Motivation to learn and course outcomes : the impact of delivery mode, learning goal orientation, and perceived barriers and enablers

Howard J. KLEIN*, Raymond A. NOE, Chongwei WANG

*Corresponding author for this work

Research output: Journal PublicationsJournal Article (refereed)peer-review

231 Citations (Scopus)

Abstract

This naturally occurring quasi-experiment examined how learning goal orientation (LGO), delivery mode (classroom vs. blended learning), and the perception of barriers and enablers related to motivation to learn and course outcomes. Study participants were 600 students enrolled in either classroom or blended learning courses. As hypothesized, learners in the blended learning condition, high in LGO, and who perceived environmental features as enablers rather than barriers had significantly higher motivation to learn. Motivation to learn, in turn, was significantly related to course outcomes (satisfaction, metacognition, and grades). The mediation hypotheses received partial support. Finally, exploratory analyses revealed 3 significant interactions between delivery mode, LGO, and perceived barriers and enablers on motivation to learn and course satisfaction.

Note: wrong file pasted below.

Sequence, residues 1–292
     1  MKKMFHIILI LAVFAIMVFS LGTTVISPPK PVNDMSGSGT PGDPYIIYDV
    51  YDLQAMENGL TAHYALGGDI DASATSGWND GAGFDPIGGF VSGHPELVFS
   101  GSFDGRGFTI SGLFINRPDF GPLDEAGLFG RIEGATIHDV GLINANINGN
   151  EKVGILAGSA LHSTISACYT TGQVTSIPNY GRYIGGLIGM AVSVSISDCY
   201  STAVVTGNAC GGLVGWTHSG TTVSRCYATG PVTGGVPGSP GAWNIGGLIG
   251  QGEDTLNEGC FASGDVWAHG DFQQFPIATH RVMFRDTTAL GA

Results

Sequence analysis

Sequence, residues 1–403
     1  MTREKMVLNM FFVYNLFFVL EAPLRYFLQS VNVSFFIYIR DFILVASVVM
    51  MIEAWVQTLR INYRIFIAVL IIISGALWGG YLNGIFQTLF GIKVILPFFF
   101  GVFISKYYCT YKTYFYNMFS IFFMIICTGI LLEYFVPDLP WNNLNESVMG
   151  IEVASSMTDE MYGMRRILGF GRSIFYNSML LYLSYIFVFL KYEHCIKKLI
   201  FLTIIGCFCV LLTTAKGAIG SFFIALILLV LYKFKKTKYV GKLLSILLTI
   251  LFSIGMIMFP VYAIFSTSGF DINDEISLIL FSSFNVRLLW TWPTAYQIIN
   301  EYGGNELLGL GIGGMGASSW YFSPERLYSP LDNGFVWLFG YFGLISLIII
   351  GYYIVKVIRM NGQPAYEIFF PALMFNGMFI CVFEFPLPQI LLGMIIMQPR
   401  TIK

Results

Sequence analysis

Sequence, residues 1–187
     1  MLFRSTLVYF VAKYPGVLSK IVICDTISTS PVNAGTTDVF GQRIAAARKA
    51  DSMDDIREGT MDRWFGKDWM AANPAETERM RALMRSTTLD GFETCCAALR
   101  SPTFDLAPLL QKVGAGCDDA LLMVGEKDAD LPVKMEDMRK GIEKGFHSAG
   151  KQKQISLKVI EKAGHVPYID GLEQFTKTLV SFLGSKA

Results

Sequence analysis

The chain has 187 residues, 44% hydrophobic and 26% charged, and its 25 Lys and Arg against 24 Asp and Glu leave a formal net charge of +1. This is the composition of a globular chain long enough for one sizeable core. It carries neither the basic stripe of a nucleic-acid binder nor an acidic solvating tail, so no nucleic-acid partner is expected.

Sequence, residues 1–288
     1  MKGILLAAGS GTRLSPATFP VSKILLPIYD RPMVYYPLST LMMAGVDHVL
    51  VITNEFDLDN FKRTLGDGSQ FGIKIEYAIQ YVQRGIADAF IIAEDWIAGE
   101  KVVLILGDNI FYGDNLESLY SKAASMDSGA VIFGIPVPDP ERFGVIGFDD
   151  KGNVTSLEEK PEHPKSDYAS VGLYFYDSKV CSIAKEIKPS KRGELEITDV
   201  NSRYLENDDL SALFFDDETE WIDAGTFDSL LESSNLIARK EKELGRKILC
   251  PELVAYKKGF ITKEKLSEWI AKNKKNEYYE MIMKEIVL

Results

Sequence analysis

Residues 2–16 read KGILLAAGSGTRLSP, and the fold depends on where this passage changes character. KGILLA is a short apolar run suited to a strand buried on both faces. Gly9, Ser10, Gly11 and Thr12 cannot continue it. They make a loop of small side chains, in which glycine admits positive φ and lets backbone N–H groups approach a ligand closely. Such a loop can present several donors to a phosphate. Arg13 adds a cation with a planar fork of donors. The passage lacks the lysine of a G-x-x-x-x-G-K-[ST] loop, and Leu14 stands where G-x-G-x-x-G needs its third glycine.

Original languageEnglish
Pages (from-to)665-702
Number of pages38
JournalPersonnel Psychology
Volume59
Issue number3
Early online date17 Aug 2006
DOIs
Publication statusPublished - 2006
Externally publishedYes

Bibliographical note

An earlier version of this manuscript was presented at the 2004 Annual conference of the Society for Industrial and Organizational Psychology, Chicago, IL.

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